Spring 2013 Academic Portfolio

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Spring 2013 Architectural Academic Portfolio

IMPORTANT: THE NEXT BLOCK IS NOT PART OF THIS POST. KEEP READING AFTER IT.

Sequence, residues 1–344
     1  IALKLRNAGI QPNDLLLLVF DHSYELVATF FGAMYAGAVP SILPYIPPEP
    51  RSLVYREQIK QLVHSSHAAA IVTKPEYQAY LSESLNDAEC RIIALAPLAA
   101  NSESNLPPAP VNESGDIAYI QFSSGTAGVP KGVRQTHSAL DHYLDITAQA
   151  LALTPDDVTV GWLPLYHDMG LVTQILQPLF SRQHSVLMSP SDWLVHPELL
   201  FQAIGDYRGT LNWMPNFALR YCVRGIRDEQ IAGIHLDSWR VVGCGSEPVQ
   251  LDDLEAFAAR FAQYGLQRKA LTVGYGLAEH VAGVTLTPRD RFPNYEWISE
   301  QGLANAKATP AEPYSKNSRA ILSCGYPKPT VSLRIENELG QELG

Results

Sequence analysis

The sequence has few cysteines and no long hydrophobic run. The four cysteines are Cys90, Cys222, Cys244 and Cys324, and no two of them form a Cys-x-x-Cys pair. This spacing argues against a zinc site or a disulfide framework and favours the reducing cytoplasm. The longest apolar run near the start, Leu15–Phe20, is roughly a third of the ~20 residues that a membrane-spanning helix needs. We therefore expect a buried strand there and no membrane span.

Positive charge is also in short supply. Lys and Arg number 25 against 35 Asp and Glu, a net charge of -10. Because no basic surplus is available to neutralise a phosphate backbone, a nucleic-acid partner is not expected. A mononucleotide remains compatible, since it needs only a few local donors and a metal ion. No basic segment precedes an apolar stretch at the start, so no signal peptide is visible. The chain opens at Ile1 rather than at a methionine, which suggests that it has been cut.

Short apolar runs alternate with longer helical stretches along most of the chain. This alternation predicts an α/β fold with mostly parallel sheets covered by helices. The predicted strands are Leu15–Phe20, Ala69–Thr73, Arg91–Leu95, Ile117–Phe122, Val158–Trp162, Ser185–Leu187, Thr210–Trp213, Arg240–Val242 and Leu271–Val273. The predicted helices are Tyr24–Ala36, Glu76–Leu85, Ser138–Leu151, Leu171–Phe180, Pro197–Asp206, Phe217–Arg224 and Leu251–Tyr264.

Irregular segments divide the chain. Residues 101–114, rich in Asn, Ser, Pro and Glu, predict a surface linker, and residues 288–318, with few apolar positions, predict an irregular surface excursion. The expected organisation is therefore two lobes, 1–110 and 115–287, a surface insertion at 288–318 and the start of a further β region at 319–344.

<ul><li><p>Julie Grismanauskas // Architectural Portfolio</p></li><li><p>SECTION 2 -2SCALE 1 - 40</p><p>1</p><p>Museum // Dormitory // UniversityJimenez Lai &amp; Dan Wheeler, Fall 2011 &amp; Spring 2012</p><p>Chicago Housing DevelopmentXavier Vendrell, Spring 2012</p><p>Studio Berlin PavilionJohn Manaves, Summer 2012</p><p>Smart Plant LabsSean Lally, Fall 2012</p><p>IncusionAndrew Zago, Fall 2012</p></li><li><p>2 // Museum // Dormitory // University</p><p>Choose your home!All models starting at</p><p>More than 50 models to chose from!</p><p>$9,999DO SOMETHING CULTURAL</p><p>LIVE IN A </p><p>MUSEUM!</p><p>The premise of the studio was to develop a complex program on an urban site creating a new type of public interior urbanism. The program was to combine a museum and an art school including galleries, dormitories, auditoriums, restaurants and classrooms. The site was located on the North-East corner or Lake and Canal, just went of the Loop in Chicago. This site brought up issues on how to address the river as well as the Metra train running through the middle of the footprint.</p><p>The design challenge was to have a 1,000,000 sf building that was 33% culture, 33% making, and </p><p>33% living.</p><p>The concept for Stacked Worlds emerged through this idea of living inside a museum. It is designed in a way that the school and the museum are on separate alternating floors, with no knowledge of the others existence. The dorms project from the school floors into the museum floors and display art on the outer walls. The only way in and out of the dorms is through the school floors. While keeping the school and museum completely separate, there is a cryptic type of interaction between the students and the museum goers.</p><p>Museum // Dormitory // University</p></li><li><p>Museum // Dormitory // University // 3</p><p>Auditorium</p><p>Murals Photography Instillations Ceramics</p><p>Retail Stores Restaurants</p><p>Studios</p><p>Classrooms</p><p>Film</p><p>Museum Administration</p><p>Support Art School Administration</p><p>Student Health Center</p><p>Bike Parking</p><p>Fashion</p><p>Performance Music Artifacts Sculpture Drawing/Painting Dance</p><p>Library</p><p>StudentCenter</p><p>Sports Center Bowling/Pool Hall/Gaming</p><p>Cinema</p><p>The program was divided into two, the art school and the art museum. The school floors become a type of super floor with the undulating dorms while the museum floors act as the in between.</p></li><li><p>4 // Museum // Dormitory // University</p><p>Murals</p><p>Photography</p><p>Instillations</p><p>Ceramics</p><p>Film</p><p>Fashion</p><p>Performance</p><p>Music</p><p>Artifacts</p><p>Sculpture</p><p>Drawing/Painting</p><p>Dance</p></li><li><p>Museum // Dormitory // University // 5</p><p>+ =</p><p>SCULPTUREPHOTOGRAPHYARTIFACTSMUSICLOBBY</p><p>MURALSFASHION</p><p>Each floor of the museum displays a different type of art. The dorms were designed to accommodate that type of art. Each museum floor is completely white, including the exterior of the dorms, allowing the art to act as the main attraction inside the architecture.</p><p>The concepts for the design of the museum as well as the skin, program placement and circulation are all displayed through these simple diagrams</p></li><li><p>6 // Museum // Dormitory // University</p></li><li><p>Museum // Dormitory // University // 7</p></li><li><p>8 // Museum // Dormitory // University</p></li><li><p>Museum // Dormitory // University // 9</p></li><li><p>10 // Museum // Dormitory // University</p><p>Once the design portion of the studio ended, the project was run through a technology studio adding practical elements to the museum. A mechanical and lighting system was designed as well as a new circulation core. The dorms were redistributed to the exterior for natural light and the building was given an orange glazed skin making it appear to glow. The museum floors remain white with walls blocking the natural light and orange glazing while the school floors embrace the glow from the tinted skin.</p></li><li><p>Museum // Dormitory // University // 11</p></li><li><p>12 // Chicago Housing Development</p><p>This studio was a housing development in a busy north side neighborhood in Chicago. The building was to stand on the corner of Milwaukee, Division and Ashland, a very busy and demanding intersection. Between 35 and 40 units were required of four different sizes. The first floor of the building was zoned as commercial while the rest of the building had a height maximum of 60 feet. This meant the units needed to be organized as efficiently as possible to assure the unit requirement. The design motivation for this project was to keep the units themselves as efficient as possible using movable walls to make one space turn into multiple. Each unit has an elevated exterior patio to the side of the unit with storage underneath. This allows the room next to the patio to be a bedroom with a rolling bed at night with the walls closed and a living room during the day with the walls open. The building has two opposing cores as well as exterior stairs along the circulation path and 16 water walls.</p><p>Chicago Housing Development</p></li><li><p>Chicago Housing Development // 13</p><p>The exterior of the development is simple concrete throughout the units while a metal curtain wall encloses the exterior circulation sides. This allows wind and views to remain flowing through the patio openings along the building. </p></li><li><p>14 // Chicago Housing Development</p><p>1720 SF.</p><p>1100 SF.</p><p>900 SF.</p><p>500 SF.</p><p>Three units sizes were required for the development. 1720 sf was the largest unit size containing four possible bedrooms, a kitchen, two bathrooms, two floors and plenty of extra space. The next largest unit is 1100 sf with two bedrooms, one bath, a kitchen and an extra room. The next unit size is 900 sf with two optional bedrooms, a kitchen, a bath, and a large room in the middle. The smallest unit was 500 sf with two bedrooms, a bath, and a kitchen right off one bedroom.</p></li><li><p>Chicago Housing Development // 15</p><p>UP</p><p>UP</p><p>UP</p><p>UP</p><p>DOWN</p><p>DOWN</p><p>UP</p><p>UP</p></li><li><p>16 // Chicago Housing Development</p></li><li><p>Chicago Housing Development // 17</p></li><li><p>18 // Studio Berlin Pavilion</p><p>Studio Berlin is a summer architecture course at the University of Illinois at Chicago where a group of students travel to Berlin, Germany to design and build a small pavilion. The course is five weeks long and the site and client is different each year. Studio Berlin 2012 focused on a group of urban farmers who claimed land in a local airport turned into a public park. The ground was unsafe for plants so the gardens were built up using local, used materials. The garden space was carefully zoned per gardener but each was allowed to use his or her own space as desired. The goal for Studio Berlin was to create some type of pavilion for the gardeners to use as they wished. This meant the </p><p>program of the pavilion needed to be as flexible as possible while also having a purpose for potential use. The materials used needed to be cost efficient and relatable to the gardens where they would soon be located. The finished design was built next to the site and then redistributed among the gardens for the patrons to use. The concept of the design was to have a nine square grid that when together acted as a climbable landscape and when separate acted as individual programs. The pieces houses programs such as kitchen, boom box, seating, storage, gallery space, and pissoir. When separate, the pieces can be activated by opening and/or tumbling.</p><p>Studio Berlin 2012</p></li><li><p>Studio Berlin Pavilion // 19</p></li><li><p>20 // Studio Berlin Pavilion</p><p>When put together, the design has a recognizable pattern on top to make reassembling them an easier task. Each movable piece either has wheels attached, can tumble or it can open easily with handles.</p></li><li><p>Studio Berlin Pavilion // 21</p><p>The four pieces on the corners as well as the middle piece are each a specific program while the remaining pieces are used a storage.</p><p>Gallery</p><p>Storage</p><p>Boom Box</p><p>Seating</p><p>Storage</p><p>Pissoir</p><p>Storage</p><p>Kitchen</p><p>Storage</p></li><li><p>22 // Studio Berlin Pavilion</p><p>My group was responsible for designing the kitchen which was the middle piece of the design. We made sure the top remained flat because the top pieces are removable to prop up as tables. The piece was split in half and then cracked open to create a long counter space. The space underneath is used as the prep and serving counter for the kitchen. The inside can be used as storage. The entire piece was designed with wheels and handles for easy maneuvering. Simple instructions were painted on the outside for future users.</p></li><li><p>Studio Berlin Pavilion // 23</p></li><li><p>24 // Smart Plant Labs</p><p>WILDERNESS SMART PLANT LABS</p><p>GARDEN</p><p>AGRI</p><p>CULT</p><p>URE</p><p>The objective of this studio was to open up the world of architecture to a new form of building materials known as energies. The material energies were divided into four groups; chemical, acoustical, thermal and electromagnetic. The energies were then broken down more and compared to the human sensory perception of each. The concept of the studio was to take a current social trend and design a space where this trend is trajected into the future and built using energeis. </p><p>Smart Plant Labs took on this idea of three landscapes, wilderness, agriculture and garden, and projected it into the future. These three conditions have gone through extensive transformations over the past centuries. Natural landscapes have differed for climactic reasons and zones have been set aside such as natural preserves to ensure these spaces maintain their natural conditions. Agriculture has become more controlled by using machines and have even moved indoor to enhance productivity. Gardens have also gone indoors to allow for exotic plants </p><p>to flourish far from home. Greenhouses are a type of indoor agriculture or garden. The first greenhouses were built from glass and steel and were created because of population growth and urban reconnection with nature. Once the hype of greenhouses dwindled, they were mainly used for research. </p><p>The Smart Plant Labs begin to explore this idea of bringing exotic local but in a different way. Instead of bringing exotic plants to a local setting and remaking their natural environment, these labs are meant to create exotic environments in which new plants may thrive. By adding new ingredients into the environment, new plant research can happen. The idea is that these labs will commit to new forms of plant research including plant evolution, genetically adaptable plants, extensive growth and yield in new conditions and an answer to agriculture extremes. These Smart Labs would explore the future world of plants. </p><p>Smart Plant Labs</p></li><li><p>Smart Plant Labs // 25</p><p>Chemical, Odor &amp; Sound Sensors</p><p>Chemiluminescence Visible Light RadiationChemical 15Eaphycocyanobilin</p><p>Ultrasound</p><p>Least Controlled Most Controlled</p><p>Ultrasound GrowingSound is vibrations that travel through air. Plants were exposed to extended period of ultrasound in their roots. Higher frequencies of sound stimulate growth from 20,000 to 50,000 CPS. One theory that the sound acts as a catalyst activating the plant production hormone called auxins.</p><p>GlowingChemiluminescence, also known as chemical light, is becoming a common study in botany. Is it thought of as a future substitute for street lights. The process is being currently studied using bio-LED called Bacopa caroliniana and gold nanoparticles. Some experiments are even being done using pressure as the stimulant for chemical light (plants will glow when touched).</p><p>Special Spectrum LightPlants are green on Earth is because of our location relative to the sun and the amount of light absorbed and reflected by organisms. Plants on Earth use red light to function because gasses in the air absorb other colors, and reflect the color green. On other planets, or if Earth ever shifted distance from the sun, plants may collect a different color strand of light, reflecting a new color from its plants.</p><p>Grow in the DarkA new chemical substance called 15 Eaphycocyanobilin was created to activate the same photoreceptor that natural light would for a growing plant. This chemical provides plants with metabolic energy and activates plant processes like germination and blossoming. </p><p>TalkingSensors have been invented to examine a number of plant processes, allowing plant communication to humans a possibility. Chemical sensors examine the chemicals a plant produces to warn other plants of nearby threats or updates. A noise sensor examines the roots of the plants where a ticking noise is believed to come from plants as another means of plant communication. Studies are also being done where sensors are connected to another form of technology such as a phone that will alert plant owners when a watering or feeding is needed with a phone call or text message.</p><p>Ultraviolet RadiationThe ozone l a y e r s protecting the Earth are being d a m a g e d slowly and are allowing more UV radiation onto the Earth. Studies are being done in preparation for this change to occur in the hope that if plants are c o n s t a n t l y exposed to a small amount of radiation, they will naturally produce a tolerance to it.</p></li><li><p>26 // Smart Plant Labs</p></li><li><p>Smart Plant Labs // 27</p><p>Special Spectrum PlantsThe plants in this part of the garden are grown with a special </p><p>spectrum of light, causing the plants to grow in colors other than green. The color of the plants depend on the spectrum of light they are grown in. </p><p>If plants are grown in between two colors, they grow in hues of both.</p><p>Grow in the Dark PlantsThe plants in this part of the garden grow in complete darkness. A chemical is dispensed underground by their roots and this is what allows them to grow without needing light for photosynthesis. The lack of light makes the plants unable to hold pigment in their cells, causing them to appear translucent. In order for the viewers to interact with the plants, there is flash of light every couple seconds in </p><p>different spots of the garden. This helps orient the visitors and show off the translucent plants. The visitors have an idea of where these flashes happen so they gather around that area and wait. The scientists in this are work with night vision glasses in order to see at all times.flashes happen so they gather around that area and wait. The scientists in this are work with night vision glasses in order to see at all times.</p><p>Glow in the Dark PlantsThe plants in this part of the garden are treated with a special chemical that makes the plants glow.</p><p>Because the plants glow, they are grown in darkness. The soft light given off by the plants illuminate the space enough to navigate through it. The older plants grow just as bright as the young. </p><p>When the plants grow tall, the space they illuminate becomes crowded with glowing trees as well as viewers.The chemical making the plants glow is expelled underground and is in no way dangerous to the public.</p><p>Ultrasound &amp; RadiationAll of the plants here are being exposed to ultrasound through their roots. The vibrations make the plants grow faster </p><p>than they normally would. These plants are double the size they generally grow to. The glass bells contain plants being treated with UV-A and UV-B radiation. The bells are there to protect the scientists and viewers from the radiation. Only when the </p><p>scientists are wearing their protective suits can they enter the bells. The plants inside the bells grow at a slower rate than the plants only gett...</p></li></ul>